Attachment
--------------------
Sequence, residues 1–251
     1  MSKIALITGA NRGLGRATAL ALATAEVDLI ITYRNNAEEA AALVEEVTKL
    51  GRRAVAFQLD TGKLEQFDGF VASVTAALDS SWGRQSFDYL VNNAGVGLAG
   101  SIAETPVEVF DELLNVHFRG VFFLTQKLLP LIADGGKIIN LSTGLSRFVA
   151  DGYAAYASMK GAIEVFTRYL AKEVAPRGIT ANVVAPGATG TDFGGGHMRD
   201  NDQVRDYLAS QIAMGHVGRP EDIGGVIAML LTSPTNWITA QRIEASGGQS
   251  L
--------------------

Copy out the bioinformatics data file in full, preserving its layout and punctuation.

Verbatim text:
Sequence, residues 1–251
     1  MSKIALITGA NRGLGRATAL ALATAEVDLI ITYRNNAEEA AALVEEVTKL
    51  GRRAVAFQLD TGKLEQFDGF VASVTAALDS SWGRQSFDYL VNNAGVGLAG
   101  SIAETPVEVF DELLNVHFRG VFFLTQKLLP LIADGGKIIN LSTGLSRFVA
   151  DGYAAYASMK GAIEVFTRYL AKEVAPRGIT ANVVAPGATG TDFGGGHMRD
   201  NDQVRDYLAS QIAMGHVGRP EDIGGVIAML LTSPTNWITA QRIEASGGQS
   251  L